In memory of one of the rare Elephant Twins, who died this week. Amboseli National Park
Twin elephants, a male and female, were delivered at the end of May 2018 by 39-year old "Paru," on the left, who lives in a herd of around 40 elephants. Kenyan Wildlife Service officials say surviving twin births amongst elephants is rare, with the last known birth of surviving elephant twins taking place in Amboseli in 1980. Given the sheer size of the animals, twin births are rare, as gestation of African elephants normally lasts for around 22-months.
In July 2018, I was fortunate enough to see the twins, and took this photo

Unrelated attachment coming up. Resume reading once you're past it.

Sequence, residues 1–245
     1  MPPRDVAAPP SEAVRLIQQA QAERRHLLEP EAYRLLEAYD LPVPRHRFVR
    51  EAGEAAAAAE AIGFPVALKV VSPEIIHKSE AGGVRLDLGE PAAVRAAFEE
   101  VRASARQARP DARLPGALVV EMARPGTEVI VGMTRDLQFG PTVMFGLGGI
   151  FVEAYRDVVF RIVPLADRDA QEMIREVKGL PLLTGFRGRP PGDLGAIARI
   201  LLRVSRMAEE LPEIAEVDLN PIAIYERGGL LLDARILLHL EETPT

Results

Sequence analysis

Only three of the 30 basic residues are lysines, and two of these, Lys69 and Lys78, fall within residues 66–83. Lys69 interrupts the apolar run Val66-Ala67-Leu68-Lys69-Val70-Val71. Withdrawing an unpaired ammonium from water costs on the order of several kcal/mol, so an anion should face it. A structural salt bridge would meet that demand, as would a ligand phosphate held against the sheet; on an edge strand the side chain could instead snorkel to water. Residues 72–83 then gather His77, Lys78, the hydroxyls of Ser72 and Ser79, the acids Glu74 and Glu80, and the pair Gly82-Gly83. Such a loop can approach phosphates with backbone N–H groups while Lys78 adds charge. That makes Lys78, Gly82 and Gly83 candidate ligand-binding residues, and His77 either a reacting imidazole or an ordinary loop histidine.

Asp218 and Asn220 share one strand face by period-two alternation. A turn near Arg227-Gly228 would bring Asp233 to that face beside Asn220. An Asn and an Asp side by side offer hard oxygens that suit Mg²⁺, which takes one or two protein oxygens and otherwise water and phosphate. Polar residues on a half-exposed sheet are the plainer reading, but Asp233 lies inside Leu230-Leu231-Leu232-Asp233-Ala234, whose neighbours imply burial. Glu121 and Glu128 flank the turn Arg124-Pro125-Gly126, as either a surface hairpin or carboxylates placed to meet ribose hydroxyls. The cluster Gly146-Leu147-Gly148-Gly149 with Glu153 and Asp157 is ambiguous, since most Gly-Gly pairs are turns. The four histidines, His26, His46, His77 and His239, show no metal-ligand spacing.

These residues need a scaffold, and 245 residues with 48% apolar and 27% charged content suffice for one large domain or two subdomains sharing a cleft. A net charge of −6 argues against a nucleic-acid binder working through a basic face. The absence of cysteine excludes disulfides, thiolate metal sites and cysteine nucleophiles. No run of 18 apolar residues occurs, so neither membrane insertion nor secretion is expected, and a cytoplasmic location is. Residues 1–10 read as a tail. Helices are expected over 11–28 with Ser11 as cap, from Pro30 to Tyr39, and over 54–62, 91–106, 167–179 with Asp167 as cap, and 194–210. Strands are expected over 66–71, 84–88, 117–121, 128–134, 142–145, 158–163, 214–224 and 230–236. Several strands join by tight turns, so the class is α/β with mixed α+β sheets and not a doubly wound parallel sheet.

On October 22, 2018, Amboseli Trust for Elephants wrote on their Facebook page:
We are very sorry to have to report that one of the twin elephants born to Paru in Amboseli died. The female calf was the smaller of the two and at an early stage had sustained an injury to her back which seemed to heal. The vet had looked at it and decided against treating it because there was no obvious distress and no infection. Darting a lactating female is very high risk to both the mother and her milk-dependent calves so for the sake of keeping Paru and her calves in good health the decision was made not to intervene. We kept a close eye on the twins and it seemed she got better on her own; we therefore cannot say for sure that this was the cause of death. She died a natural death, something that almost every elephant mother in the wild has endured at some point in her life. As sad as it is we are happy that the remaining calf is strong and healthy. Twins in elephants are very rare but few survive into adulthood. Paru and the remaining calf are with the family and we feel confident that they will be fine.